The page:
Arkhip Ivanovich Kuinji (1842 - 1910)
He was artist - painter, landscape painter, academician, the head of a class of landscape and perspective painting of the Academy of arts. The representative of a romantic direction of Russian painting of the second half of nineteenth century.
The Russian landscape painter Arkhip Ivanovich Kuinji was born in 1842 in the town of Mariupol on the Azov Sea in the South of Russia. Kuinji was of Greek descent - during the reign of Catherine II his ancestors, together with other Greek refugees, settled near the Azov Sea.
Kuinji lacked a formal education, but his eminent gift helped him attain a notable success in art. He evidently was allowed to attend classes at the St. Petersburg Academy of Arts, had training in the workshop of the famous marine painter Ivan Aivazovsky, visited the classes of the Society of Art Lovers. In 1868, having passed exams in general education and special subjects at the Academy of Arts, Kuinji received a diploma of a freelance artist for his independent work. His earlier paintings Autumn Weather (1870), Lake Ladoga (1870) and On the Valaam Island (1873) brought him first recognition.
In 1873, Kuinji traveled around Germany, France, Switzerland and Austria and thoroughly studied the works of great masters. On his return, however, he creates works which were absolutely unlike those he had seen in European museums.
His Ukrainian Night (1876) opened a new romantic stage in his work. He used special light effects to paint nature and achieved such astonishing results, that people, who saw the picture for the first time at an exhibition, tried to check its back, if there was any special source of light. Exhibited at the Paris World Fair in 1878 The Ukranian Night attracted the attention of the eminent French critics.
Kuinji developed a new vision in his next painting A Birch Grove (1879). It is both realistic and conventionalized; it looks as a condensed essence of reality. In 1880, he completed Moonlit Night on Dnieper (1880). The picture was a great success. Kuinji became an idol of the public. But he was not understood by his colleagues who saw in his art only illusory color effects, did not support his romantic searching. Probably it was the reason of his withdrawal from all exhibitions and public arrangements. He worked hard in his studio, experimenting much, but only his close friends saw his works.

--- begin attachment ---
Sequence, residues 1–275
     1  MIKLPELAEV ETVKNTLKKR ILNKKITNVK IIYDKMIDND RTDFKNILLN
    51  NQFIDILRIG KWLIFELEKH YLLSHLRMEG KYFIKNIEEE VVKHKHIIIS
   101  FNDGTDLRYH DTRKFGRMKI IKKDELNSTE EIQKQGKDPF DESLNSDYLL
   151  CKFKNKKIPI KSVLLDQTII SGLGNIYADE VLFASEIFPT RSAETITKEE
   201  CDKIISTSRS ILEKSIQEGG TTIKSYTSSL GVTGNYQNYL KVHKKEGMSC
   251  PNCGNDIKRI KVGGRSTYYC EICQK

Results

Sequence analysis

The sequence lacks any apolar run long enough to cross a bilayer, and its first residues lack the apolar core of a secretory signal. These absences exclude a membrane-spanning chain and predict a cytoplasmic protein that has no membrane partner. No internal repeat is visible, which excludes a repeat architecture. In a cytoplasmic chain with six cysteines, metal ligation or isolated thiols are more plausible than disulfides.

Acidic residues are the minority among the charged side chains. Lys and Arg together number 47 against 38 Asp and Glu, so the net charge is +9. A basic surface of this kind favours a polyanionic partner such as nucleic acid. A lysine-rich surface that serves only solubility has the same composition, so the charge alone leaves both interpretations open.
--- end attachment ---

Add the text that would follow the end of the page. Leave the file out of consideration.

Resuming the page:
In 1894, he accepted an invitation to become a professor of the Academy. He was very fond of teaching and his students admired him. Among Kuinji's pupils were several prominent artists such as N. Rerikh, K. Bogaevskiy, A. Rilov, V. Purvit and others. Unfortunately his career of a professor did not last long, he was dismissed for supporting students in their protests against authorities. But he continued to teach his students privately, and then paid for their trip around Europe. Later he presented the Academy with a big sum of money, the interest from which was to be used for awards to young painters.
In 1909, he founded The Kuinji Society, an independent association of painters, to which he left all his pictures and property. The next year he died.
The other well-known works of Kuinji are A Birch Grove (1879), with one of its late versions A Birch Grove (1901), The North (1879), After a Rain (1879), Sea. The Crimea. (1898-1908), Elbrus in the Evening. (1898-1908), Sunset (1890-1895), Rainbow (1900-1905), Night Grazing (1905-1908).